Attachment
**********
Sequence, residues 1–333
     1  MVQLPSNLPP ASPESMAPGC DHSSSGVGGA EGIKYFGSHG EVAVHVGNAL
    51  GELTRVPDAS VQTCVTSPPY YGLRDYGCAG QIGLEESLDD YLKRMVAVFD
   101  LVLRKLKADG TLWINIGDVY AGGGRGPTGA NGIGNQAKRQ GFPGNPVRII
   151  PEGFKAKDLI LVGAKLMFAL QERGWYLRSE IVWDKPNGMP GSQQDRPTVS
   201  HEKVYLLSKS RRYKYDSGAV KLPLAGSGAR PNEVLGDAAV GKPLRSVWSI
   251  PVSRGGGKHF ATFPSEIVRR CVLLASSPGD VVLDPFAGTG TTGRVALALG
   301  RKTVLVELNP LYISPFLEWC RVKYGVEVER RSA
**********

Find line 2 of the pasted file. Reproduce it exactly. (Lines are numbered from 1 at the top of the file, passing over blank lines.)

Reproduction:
     1  MVQLPSNLPP ASPESMAPGC DHSSSGVGGA EGIKYFGSHG EVAVHVGNAL